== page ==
Wednesday, July 26, 2000

County, city appeal gun law

Appellate court will hear arguments for reversal Friday

By Dan Horn
The Cincinnati Enquirer

        An Ohio appeals court will hear arguments Friday on whether a Hamilton County judge overstepped his authority last week when he threw out Ohio's concealed weapons law.

        Attorneys for the county and the city of Cincinnati want the Ohio 1st District Court of Appeals to reverse the judge's decision and put the law back on the books.

        In a legal petition filed Tuesday, attorneys argued that Judge Robert Ruehlman had no legal right to ban enforcement of the law. They said the judge's June 18 decision confuses the public and makes the job of law enforcement officers more difficult.

        “We're saying the judge did not have the right to declare the law unconstitutional,” said county Prosecutor Mike Allen.

        Judge Ruehlman stunned local law enforcement last week when he ordered Sheriff Simon L. Leis and Cincinnati Police Chief Thomas Streicher to stop enforcing the concealed weapons law.

        The judge made the decision after hearing arguments from four people who claimed they needed to carry concealed weapons for their own protection.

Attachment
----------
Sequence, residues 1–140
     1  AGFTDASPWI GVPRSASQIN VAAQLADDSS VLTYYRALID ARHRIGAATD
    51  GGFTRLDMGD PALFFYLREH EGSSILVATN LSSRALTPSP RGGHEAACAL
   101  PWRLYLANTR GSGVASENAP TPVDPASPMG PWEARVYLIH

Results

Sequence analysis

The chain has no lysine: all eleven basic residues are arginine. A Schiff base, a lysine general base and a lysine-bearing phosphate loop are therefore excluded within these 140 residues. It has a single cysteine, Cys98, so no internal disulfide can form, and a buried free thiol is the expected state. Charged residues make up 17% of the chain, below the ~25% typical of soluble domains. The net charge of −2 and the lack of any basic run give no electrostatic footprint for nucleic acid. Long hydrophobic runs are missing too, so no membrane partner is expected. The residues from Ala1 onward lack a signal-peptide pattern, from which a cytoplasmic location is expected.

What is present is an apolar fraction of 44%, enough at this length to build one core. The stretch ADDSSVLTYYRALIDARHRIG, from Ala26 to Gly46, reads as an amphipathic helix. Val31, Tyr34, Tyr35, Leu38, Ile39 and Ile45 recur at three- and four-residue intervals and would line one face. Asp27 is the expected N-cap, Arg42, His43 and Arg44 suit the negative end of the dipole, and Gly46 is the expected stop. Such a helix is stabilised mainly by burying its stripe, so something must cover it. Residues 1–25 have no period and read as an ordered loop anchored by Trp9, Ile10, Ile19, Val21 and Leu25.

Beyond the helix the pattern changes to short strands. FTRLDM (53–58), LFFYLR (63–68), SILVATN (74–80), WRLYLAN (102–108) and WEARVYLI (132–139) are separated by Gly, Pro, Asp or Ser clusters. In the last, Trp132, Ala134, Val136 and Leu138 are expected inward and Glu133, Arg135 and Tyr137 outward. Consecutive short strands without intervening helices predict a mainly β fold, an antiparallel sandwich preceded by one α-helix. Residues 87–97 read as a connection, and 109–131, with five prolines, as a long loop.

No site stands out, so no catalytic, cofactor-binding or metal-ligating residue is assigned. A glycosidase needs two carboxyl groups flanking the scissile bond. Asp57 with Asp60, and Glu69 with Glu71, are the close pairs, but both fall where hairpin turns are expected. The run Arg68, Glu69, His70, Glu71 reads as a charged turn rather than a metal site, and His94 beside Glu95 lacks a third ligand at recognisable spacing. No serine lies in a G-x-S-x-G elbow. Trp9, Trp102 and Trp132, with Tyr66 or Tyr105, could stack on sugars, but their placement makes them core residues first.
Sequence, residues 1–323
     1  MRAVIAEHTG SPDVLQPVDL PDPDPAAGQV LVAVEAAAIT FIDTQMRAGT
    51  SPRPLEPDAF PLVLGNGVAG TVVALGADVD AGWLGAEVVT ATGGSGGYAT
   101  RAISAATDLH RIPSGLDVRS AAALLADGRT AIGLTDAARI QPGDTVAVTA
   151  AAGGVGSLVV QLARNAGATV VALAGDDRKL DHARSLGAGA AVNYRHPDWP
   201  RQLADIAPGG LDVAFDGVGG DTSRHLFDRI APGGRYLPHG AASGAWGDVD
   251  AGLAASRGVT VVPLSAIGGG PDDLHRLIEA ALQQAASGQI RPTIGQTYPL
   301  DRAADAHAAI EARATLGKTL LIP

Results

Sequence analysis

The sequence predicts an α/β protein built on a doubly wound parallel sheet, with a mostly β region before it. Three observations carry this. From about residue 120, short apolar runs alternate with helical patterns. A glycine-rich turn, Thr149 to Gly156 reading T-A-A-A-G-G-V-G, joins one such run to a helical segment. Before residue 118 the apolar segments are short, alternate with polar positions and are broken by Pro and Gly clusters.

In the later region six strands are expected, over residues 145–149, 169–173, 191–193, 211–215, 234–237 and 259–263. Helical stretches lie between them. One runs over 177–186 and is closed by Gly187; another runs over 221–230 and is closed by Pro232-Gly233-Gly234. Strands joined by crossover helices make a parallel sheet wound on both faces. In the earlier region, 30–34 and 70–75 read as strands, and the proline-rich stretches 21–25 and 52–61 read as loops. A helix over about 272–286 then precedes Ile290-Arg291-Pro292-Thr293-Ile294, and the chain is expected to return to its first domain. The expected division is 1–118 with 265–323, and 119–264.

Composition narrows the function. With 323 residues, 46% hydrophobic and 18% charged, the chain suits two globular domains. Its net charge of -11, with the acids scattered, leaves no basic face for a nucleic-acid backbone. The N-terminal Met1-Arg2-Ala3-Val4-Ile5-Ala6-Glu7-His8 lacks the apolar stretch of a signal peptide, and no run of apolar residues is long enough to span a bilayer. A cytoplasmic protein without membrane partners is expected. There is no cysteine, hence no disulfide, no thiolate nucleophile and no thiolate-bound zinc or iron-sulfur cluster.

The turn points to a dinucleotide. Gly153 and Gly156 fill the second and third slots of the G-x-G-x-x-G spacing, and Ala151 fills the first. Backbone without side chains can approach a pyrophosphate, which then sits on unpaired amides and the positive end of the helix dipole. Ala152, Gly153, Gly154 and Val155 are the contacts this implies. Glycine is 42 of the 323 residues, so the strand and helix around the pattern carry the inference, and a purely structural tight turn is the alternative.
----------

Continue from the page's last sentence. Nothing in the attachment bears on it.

They said Ohio's law is unfair because getting arrested and going to court is the only way to prove they have a legitimate need for a concealed weapon.

        Their attorneys argued the law makes it impossible for their clients — a hairdresser, personal trainer, private investigator and pizza shop owner — to exercise their constitutional right to bear arms.

        The judge agreed there were “problems with the law” and ordered the police and sheriff to stop enforcing it.

        But Mr. Allen, who represents Sheriff Leis, said the judge went too far. He said the state legislature — not the courthouse — is the place to deal with the issue.“There are problems with that statute, but they should be resolved in the legislature,” Mr. Allen said.

        City attorneys, who represent the police chief, said they planned to file a similar request with the appeals court Tuesday or today.

        One of the key issues in the case is whether Judge Ruehlman has the authority to make such a sweeping decision. Although the lawsuit was filed by four people, the judge said his ban on enforcement would apply to everyone.

        The county's petition argues that no other judge in Ohio has declared the law unconstitutional, and that Judge Ruehlman does not have the right to do it himself.

        Mr. Allen said his client, Sheriff Leis, also objects to the ruling because it applies only to his deputies and to Cincinnati police.

        Although there are more than 40 police agencies in the county, the city police and sheriff's department were the only ones named in the lawsuit.

        The confusion was illustrated last week when a man was stopped for carrying a concealed weapon in Green Township. Although a sheriff's deputy made the stop, a Green Township officer had to make the arrest.


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